Insomniac City by Bill Hayes, Bloomsbury.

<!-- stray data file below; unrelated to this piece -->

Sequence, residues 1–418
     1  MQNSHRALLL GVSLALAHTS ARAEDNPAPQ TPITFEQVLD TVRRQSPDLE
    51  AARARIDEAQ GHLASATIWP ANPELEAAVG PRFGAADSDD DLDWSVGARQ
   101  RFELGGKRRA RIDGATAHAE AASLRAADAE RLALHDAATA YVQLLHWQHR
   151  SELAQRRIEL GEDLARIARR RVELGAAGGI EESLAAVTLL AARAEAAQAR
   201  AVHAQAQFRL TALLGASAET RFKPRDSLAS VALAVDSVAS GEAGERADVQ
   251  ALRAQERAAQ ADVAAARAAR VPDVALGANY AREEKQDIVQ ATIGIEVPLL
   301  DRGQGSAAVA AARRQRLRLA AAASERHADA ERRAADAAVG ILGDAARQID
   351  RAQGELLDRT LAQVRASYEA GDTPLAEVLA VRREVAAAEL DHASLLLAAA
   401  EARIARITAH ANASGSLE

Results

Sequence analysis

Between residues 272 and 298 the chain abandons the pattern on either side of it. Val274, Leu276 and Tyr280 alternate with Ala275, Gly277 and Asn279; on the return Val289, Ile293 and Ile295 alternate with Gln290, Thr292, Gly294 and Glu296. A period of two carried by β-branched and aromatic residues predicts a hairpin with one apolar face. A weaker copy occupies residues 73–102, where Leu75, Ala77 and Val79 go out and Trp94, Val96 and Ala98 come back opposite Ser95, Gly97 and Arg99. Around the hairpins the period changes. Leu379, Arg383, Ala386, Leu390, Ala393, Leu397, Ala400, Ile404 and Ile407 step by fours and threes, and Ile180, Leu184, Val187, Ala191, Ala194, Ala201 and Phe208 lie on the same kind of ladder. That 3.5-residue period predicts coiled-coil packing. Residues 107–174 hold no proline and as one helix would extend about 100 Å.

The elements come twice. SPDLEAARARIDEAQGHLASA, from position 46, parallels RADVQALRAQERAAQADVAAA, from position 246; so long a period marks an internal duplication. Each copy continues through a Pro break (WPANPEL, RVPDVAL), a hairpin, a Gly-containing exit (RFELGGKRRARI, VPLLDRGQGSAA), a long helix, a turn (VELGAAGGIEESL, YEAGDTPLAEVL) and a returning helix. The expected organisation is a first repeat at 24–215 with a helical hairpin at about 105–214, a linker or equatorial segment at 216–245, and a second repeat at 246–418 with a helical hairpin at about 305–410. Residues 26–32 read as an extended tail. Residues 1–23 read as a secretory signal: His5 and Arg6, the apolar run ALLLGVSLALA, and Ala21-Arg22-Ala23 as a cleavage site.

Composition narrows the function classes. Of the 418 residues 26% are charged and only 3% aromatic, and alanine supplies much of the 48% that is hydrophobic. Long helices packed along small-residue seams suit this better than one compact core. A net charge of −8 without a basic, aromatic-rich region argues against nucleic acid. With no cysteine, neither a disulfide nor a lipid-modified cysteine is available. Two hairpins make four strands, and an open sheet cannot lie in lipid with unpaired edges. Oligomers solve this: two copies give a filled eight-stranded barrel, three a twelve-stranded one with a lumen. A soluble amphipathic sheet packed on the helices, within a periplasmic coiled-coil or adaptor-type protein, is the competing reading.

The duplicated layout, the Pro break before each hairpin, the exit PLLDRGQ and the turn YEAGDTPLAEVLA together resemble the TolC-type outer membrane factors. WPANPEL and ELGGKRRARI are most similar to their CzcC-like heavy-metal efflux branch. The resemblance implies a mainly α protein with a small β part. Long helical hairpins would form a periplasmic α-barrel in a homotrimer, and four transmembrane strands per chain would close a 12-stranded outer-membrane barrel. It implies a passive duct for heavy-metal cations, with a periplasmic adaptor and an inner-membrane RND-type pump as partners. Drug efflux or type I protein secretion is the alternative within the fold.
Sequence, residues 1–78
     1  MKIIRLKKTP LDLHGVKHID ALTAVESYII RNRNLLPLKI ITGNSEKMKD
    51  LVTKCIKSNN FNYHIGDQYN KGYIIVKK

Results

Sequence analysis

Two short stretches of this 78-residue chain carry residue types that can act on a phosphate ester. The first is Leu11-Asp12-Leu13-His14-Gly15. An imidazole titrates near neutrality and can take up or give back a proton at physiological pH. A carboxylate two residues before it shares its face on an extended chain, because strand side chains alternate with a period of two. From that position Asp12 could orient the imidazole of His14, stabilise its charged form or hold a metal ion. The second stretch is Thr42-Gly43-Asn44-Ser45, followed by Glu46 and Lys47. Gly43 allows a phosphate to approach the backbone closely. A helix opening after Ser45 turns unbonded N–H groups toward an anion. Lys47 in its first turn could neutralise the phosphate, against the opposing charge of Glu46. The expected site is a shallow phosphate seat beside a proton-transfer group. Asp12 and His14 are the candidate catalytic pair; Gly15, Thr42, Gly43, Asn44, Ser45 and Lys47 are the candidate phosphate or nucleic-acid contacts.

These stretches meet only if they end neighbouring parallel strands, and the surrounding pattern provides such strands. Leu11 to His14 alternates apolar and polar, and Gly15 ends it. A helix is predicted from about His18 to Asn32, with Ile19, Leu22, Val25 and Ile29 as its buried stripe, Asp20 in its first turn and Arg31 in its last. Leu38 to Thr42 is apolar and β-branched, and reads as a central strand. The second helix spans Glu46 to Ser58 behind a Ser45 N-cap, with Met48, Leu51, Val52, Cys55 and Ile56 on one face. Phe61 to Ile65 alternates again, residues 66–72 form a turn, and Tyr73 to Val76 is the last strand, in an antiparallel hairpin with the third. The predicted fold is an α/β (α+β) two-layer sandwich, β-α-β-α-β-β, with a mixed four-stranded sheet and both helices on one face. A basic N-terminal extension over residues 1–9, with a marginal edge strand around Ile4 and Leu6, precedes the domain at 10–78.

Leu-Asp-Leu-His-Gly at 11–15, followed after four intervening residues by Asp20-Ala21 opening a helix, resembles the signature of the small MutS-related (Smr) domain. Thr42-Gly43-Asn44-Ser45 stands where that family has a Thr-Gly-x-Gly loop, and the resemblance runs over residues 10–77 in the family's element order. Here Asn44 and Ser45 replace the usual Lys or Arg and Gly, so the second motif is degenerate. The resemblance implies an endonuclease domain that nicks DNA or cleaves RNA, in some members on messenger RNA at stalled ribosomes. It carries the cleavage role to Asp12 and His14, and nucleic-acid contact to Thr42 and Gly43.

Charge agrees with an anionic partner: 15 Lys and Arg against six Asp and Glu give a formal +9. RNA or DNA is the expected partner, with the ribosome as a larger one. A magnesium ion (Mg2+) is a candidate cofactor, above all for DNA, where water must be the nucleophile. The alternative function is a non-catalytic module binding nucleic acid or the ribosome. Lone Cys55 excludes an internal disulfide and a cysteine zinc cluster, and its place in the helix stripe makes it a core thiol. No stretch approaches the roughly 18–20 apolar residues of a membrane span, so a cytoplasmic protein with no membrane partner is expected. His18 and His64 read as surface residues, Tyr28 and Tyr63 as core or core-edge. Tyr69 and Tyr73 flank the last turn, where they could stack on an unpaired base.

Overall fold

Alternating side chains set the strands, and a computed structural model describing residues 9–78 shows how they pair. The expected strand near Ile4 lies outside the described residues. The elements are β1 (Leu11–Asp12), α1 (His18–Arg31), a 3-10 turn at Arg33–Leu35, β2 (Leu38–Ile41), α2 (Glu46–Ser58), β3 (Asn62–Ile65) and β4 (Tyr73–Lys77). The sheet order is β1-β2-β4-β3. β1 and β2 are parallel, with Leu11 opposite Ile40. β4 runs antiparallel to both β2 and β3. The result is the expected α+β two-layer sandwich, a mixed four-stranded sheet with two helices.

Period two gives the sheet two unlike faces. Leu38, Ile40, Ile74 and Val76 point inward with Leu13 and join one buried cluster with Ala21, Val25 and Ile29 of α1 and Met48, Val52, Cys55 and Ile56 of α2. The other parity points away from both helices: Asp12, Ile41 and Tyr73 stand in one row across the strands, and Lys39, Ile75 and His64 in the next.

The ways of writer and neurologist Oliver Sacks were “not of our time”, writes author and photographer Bill Hayes in this tender snapshot of both a man and a city. Bill was 48 when, in 2009, grieving the loss of his partner, Steve, he left San Francisco to “reinvent himself” in New York City. Furnishing his “tree house” apartment with a desk, chair and mattress, the laughter-filled bar downstairs did not help sleeplessness, but had “an ameliorative affect on broken heartedness”. He gazed at the Empire State and Chrysler Buildings “like an old married couple… he in his boxy suit, she in her filigreed skirt”. Oliver, 75, had never “come out” nor been in a relationship when he and Bill fell in love – both insomniacs, both lovers of words. Bill didn’t just fall in love with the “brilliant, sweet, modest man… prone to outbursts of boyish enthusiasm”, he adored him. They swig wine, listen to Bach and people-watch, describing how they walk. Life in the city that never sleeps ended for the gentle couple when Oliver died in August 2015. But if ever there was a memoir to celebrate living, this is it.